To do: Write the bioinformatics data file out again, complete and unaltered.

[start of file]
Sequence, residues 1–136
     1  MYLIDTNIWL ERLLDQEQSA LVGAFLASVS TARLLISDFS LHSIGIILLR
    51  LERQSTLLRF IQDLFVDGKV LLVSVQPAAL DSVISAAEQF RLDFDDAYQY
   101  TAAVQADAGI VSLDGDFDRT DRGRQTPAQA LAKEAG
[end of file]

Sequence, residues 1–136
     1  MYLIDTNIWL ERLLDQEQSA LVGAFLASVS TARLLISDFS LHSIGIILLR
    51  LERQSTLLRF IQDLFVDGKV LLVSVQPAAL DSVISAAEQF RLDFDDAYQY
   101  TAAVQADAGI VSLDGDFDRT DRGRQTPAQA LAKEAG